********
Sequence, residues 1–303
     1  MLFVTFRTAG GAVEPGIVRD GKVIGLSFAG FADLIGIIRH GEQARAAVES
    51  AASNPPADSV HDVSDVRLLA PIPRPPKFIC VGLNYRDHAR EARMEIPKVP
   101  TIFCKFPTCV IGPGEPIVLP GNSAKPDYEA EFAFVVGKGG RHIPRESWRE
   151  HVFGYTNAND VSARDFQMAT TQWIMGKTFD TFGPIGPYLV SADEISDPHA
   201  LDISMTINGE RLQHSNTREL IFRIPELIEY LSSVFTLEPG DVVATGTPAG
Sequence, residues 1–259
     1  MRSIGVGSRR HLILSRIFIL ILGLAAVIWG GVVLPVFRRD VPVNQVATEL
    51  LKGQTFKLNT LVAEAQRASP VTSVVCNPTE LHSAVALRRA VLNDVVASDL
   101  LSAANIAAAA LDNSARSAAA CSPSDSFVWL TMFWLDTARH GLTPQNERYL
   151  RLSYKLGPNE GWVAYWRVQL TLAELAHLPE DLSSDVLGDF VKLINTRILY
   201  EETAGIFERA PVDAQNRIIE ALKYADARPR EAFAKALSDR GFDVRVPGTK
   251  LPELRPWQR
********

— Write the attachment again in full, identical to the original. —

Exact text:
Sequence, residues 1–303
     1  MLFVTFRTAG GAVEPGIVRD GKVIGLSFAG FADLIGIIRH GEQARAAVES
    51  AASNPPADSV HDVSDVRLLA PIPRPPKFIC VGLNYRDHAR EARMEIPKVP
   101  TIFCKFPTCV IGPGEPIVLP GNSAKPDYEA EFAFVVGKGG RHIPRESWRE
   151  HVFGYTNAND VSARDFQMAT TQWIMGKTFD TFGPIGPYLV SADEISDPHA
   201  LDISMTINGE RLQHSNTREL IFRIPELIEY LSSVFTLEPG DVVATGTPAG
Sequence, residues 1–259
     1  MRSIGVGSRR HLILSRIFIL ILGLAAVIWG GVVLPVFRRD VPVNQVATEL
    51  LKGQTFKLNT LVAEAQRASP VTSVVCNPTE LHSAVALRRA VLNDVVASDL
   101  LSAANIAAAA LDNSARSAAA CSPSDSFVWL TMFWLDTARH GLTPQNERYL
   151  RLSYKLGPNE GWVAYWRVQL TLAELAHLPE DLSSDVLGDF VKLINTRILY
   201  EETAGIFERA PVDAQNRIIE ALKYADARPR EAFAKALSDR GFDVRVPGTK
   251  LPELRPWQR